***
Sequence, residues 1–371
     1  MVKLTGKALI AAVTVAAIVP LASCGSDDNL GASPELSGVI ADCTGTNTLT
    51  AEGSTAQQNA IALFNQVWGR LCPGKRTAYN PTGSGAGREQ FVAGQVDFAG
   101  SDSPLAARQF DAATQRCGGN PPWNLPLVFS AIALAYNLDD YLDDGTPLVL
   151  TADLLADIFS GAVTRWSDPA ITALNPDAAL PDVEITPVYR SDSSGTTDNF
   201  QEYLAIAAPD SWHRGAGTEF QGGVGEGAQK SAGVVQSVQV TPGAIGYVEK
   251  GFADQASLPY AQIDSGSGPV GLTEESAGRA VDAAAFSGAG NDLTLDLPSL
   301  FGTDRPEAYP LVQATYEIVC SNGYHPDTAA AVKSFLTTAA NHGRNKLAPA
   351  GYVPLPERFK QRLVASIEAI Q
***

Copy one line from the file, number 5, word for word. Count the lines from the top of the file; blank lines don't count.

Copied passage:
   151  TADLLADIFS GAVTRWSDPA ITALNPDAAL PDVEITPVYR SDSSGTTDNF